How Academic Performance Can Impact FAFSA Eligibility
Maintaining Financial Aid Eligibility
If you were awarded federal financial aid as part of the FAFSA, then you are required to maintain SAP to remain eligible. So what does that mean?
"FAFSA lets schools define academic progress (or satisfactory academic progress) individually for their students," says Steven M. Hughes, founder of Know Money Inc., an organization that promotes financial education and literacy for young adults in South Carolina. "Academic progress is commonly counted by the number of hours you earn, compared with the number of hours you're taking and your grade point average."
For example, your school might require you to complete 67 percent of the hours you enroll in to maintain your FAFSA. If you're enrolled in 15 hours per semester, you'd need to complete 11 hours to meet that standard. Your school should be able to tell you the specific GPA and number of enrollment hours that are required, along with how quickly you need to be moving toward graduation to meet its SAP standards for financial aid.
Scholarships may have similar standards to maintain funding from one semester to the next. Richard Blakely, director of product at a digital inventory art management firm in New York City, attended a prestigious art school where he had FAFSA eligibility and was awarded a scholarship by the school. He says GPA was an important factor in maintaining scholarship funding.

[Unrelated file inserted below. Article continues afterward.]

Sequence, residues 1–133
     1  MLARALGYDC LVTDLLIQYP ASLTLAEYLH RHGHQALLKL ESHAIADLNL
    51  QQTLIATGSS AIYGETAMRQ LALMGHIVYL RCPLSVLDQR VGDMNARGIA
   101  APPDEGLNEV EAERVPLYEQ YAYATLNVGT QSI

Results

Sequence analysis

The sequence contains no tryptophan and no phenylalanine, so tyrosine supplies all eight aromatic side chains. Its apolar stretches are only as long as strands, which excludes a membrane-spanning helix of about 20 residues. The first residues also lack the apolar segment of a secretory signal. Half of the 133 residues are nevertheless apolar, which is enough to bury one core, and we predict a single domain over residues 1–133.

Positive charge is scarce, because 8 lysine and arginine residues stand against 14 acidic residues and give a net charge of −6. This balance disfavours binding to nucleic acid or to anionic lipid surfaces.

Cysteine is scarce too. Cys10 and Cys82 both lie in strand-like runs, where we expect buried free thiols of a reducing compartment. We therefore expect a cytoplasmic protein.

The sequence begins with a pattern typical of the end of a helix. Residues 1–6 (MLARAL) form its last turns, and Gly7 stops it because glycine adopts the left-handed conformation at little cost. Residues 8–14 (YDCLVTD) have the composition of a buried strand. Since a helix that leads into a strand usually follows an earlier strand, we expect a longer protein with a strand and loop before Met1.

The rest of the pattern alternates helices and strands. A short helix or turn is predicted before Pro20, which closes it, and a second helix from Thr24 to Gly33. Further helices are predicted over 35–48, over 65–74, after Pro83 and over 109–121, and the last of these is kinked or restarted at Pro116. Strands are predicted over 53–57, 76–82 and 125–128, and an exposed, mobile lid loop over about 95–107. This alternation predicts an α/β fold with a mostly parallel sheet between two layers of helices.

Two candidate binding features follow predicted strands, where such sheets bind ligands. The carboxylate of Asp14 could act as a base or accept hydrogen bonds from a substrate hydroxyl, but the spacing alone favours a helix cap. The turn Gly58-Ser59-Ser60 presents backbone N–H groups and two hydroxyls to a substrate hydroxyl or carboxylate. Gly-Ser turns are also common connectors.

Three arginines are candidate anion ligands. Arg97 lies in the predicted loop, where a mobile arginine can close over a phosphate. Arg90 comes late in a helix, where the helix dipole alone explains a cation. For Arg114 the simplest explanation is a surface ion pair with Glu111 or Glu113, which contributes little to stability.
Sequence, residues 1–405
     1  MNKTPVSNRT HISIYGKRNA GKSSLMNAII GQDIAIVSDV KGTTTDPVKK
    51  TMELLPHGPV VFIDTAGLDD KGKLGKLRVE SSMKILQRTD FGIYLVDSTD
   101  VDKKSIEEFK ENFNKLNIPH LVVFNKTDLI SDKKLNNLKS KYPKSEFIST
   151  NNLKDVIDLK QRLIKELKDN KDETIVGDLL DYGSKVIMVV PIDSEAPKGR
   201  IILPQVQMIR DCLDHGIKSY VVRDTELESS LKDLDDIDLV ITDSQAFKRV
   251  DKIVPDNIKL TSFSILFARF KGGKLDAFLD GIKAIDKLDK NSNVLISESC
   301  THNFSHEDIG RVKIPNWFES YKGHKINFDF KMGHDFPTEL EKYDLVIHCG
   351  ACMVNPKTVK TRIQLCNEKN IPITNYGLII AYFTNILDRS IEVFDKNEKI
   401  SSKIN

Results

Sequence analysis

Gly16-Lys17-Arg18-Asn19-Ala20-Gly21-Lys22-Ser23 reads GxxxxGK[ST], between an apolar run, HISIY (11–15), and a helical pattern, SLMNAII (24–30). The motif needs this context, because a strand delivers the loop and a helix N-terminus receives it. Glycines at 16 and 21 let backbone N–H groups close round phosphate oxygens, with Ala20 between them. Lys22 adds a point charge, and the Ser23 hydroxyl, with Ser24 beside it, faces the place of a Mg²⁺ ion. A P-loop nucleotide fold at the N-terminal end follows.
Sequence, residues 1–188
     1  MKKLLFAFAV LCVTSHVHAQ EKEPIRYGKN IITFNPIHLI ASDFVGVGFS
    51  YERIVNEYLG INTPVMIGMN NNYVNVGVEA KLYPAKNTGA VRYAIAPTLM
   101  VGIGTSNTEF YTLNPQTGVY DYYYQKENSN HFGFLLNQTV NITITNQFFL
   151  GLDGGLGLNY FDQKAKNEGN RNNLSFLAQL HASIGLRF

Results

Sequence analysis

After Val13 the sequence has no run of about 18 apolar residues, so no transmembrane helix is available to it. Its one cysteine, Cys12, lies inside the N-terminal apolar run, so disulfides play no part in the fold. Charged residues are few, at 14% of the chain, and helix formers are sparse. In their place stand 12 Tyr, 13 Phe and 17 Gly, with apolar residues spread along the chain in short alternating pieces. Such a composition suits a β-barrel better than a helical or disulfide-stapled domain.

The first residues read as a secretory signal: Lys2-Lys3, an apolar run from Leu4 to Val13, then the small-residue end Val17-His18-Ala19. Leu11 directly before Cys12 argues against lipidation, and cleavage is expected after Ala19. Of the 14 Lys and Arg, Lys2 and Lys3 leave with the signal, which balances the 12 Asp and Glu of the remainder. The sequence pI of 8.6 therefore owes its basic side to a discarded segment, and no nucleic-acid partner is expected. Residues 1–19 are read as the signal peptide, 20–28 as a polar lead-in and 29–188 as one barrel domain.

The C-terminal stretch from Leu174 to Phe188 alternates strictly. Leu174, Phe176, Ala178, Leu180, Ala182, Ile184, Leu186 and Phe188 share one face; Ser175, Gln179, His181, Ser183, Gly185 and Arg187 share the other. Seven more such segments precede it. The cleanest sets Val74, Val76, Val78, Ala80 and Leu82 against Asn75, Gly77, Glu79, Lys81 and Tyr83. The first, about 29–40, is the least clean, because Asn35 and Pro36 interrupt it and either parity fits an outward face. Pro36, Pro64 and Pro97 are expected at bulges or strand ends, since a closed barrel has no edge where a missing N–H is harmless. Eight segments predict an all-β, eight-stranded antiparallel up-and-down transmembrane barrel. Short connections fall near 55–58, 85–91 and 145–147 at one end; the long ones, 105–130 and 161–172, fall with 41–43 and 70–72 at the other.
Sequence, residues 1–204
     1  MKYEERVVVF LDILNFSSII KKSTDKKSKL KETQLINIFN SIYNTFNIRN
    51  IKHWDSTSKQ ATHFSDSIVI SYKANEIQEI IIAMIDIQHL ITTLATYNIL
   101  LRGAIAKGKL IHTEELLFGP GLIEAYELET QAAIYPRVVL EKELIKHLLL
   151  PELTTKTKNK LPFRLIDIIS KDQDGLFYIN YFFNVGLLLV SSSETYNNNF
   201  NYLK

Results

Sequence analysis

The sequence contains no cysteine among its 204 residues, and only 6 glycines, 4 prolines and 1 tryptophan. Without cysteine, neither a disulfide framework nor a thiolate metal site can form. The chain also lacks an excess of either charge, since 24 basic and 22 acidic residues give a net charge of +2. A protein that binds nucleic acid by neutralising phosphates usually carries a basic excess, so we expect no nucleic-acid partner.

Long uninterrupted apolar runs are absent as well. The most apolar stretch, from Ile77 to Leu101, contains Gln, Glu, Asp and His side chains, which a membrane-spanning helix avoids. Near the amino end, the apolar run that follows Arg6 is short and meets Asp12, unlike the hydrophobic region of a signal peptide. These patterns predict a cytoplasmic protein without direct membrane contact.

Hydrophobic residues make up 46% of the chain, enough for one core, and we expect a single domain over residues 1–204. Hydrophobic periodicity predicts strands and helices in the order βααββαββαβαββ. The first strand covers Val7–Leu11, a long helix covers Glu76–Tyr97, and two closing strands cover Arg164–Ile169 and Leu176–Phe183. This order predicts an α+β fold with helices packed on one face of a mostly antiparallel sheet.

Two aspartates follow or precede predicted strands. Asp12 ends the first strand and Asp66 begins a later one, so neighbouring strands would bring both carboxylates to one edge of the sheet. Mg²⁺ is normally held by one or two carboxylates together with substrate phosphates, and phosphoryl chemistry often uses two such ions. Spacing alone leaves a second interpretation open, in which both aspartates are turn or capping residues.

"At the end of each semester, if your overall grade point average was below your scholarship minimum, then you not only lost the funds moving forward but also through the semester you just completed," Blakeley says. Students who didn't achieve the minimum GPA were required to repay any scholarship funds they'd received for that semester. "It's not free money unless you excel at your studies to the satisfaction of the school."
Blakeley says the school was up front about its policy, but some students were not fully aware of what was expected because they didn't always read the fine print in their scholarship package. To avoid putting yourself at risk of losing funding because of poor academic progress, Hughes says to clarify the requirements for scholarships early on and "don't fall into the trap of thinking that you have time to recover your GPA if your scholarship checks your grades for eligibility each semester."
How Dropping or Failing a Course Affects Financial Aid
If you're thinking of reducing your course load, the impact on your financial aid largely depends on the timing.
"Each school has its own academic calendar outlining the last day to drop a class without receiving a grade of withdrawal or withdrawal/fail," Hughes says.
Dropping a class prior to the cutoff date won't affect your GPA or enrollment status. If you leave a course after the cutoff date, you're considered to be withdrawn.
Withdrawing with a passing grade does not impact your GPA. A withdrawal/fail, which means you withdrew from the course with a failing grade, is factored into your GPA calculation. Failing a course also means you won't get credit for the hours, which could affect your progress toward a degree and your enrollment status.